Dynamic changes in the distribution of cytoplasmic myosin during Drosophila embryogenesis.
Dramatic changes in the localization of conventional non-muscle myosin characterize early embryogenesis in Drosophila melanogaster. During cellularization, myosin is concentrated around the furrow canals that form the leading margin of the plasma membrane as it plunges inward to package each somatic nucleus into a columnar epithelial cell. During gastrulation, there is specific anti-myosin staining at the apical ends of those cells that change shape in regions of invagination. Both of these localizations appear to result from a redistribution of a cortical store of maternal myosin. In the preblastoderm embryo, myosin is localized to the egg cortex, sub-cortical arrays of inclusions, and, diffusely, the yolk-free periplasm. At the syncytial blastoderm stage, myosin is found within cytoskeletal caps associated with the somatic nuclei at the embryonic surface. Following the final syncytial division, these myosin caps give rise to the myosin rings observed during cellularization. These distributions are observed with both whole immune serum and affinity-purified antibodies directed against Drosophila non-muscle myosin heavy chain. They are not detected in embryos stained with anti-Drosophila muscle myosin antiserum or with preimmune serum. Although immunolocalization can only suggest possible function, these myosin localizations and the coincident changes in cell morphology are consistent with a key role for non-muscle myosin in powering cellularization and gastrulation during embryogenesis.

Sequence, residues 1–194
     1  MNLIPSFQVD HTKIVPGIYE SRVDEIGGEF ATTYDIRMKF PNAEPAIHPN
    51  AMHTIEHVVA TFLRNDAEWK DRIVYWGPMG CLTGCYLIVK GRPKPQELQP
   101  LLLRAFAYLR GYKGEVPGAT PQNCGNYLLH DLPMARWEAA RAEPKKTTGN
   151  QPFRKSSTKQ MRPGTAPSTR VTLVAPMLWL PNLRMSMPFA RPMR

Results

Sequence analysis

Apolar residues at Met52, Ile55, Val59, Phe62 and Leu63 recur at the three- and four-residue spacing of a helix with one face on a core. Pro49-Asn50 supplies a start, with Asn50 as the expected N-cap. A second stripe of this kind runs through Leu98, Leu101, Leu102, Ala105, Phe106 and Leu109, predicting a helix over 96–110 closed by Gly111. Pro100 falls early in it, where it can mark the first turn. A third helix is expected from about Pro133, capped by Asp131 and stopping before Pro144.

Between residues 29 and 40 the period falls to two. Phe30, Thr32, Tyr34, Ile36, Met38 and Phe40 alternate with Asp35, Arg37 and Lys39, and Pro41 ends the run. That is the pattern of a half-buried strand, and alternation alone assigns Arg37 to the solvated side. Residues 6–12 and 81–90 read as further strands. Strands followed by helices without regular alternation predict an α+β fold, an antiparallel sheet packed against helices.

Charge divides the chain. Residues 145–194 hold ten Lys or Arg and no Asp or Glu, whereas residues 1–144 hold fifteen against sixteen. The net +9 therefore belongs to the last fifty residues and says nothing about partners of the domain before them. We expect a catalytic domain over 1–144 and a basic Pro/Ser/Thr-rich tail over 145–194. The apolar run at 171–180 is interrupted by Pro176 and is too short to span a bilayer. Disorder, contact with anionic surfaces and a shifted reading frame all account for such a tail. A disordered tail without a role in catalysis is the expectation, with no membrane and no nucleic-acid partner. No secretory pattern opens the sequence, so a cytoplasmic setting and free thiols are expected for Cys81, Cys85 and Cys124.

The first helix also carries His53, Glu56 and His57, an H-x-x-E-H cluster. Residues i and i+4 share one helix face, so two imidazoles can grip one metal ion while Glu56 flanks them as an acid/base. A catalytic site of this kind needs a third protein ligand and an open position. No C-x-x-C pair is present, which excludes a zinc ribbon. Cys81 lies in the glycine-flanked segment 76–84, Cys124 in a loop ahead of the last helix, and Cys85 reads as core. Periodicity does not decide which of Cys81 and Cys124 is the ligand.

Young, PE; Pesacreta, TC; Kiehart, DP
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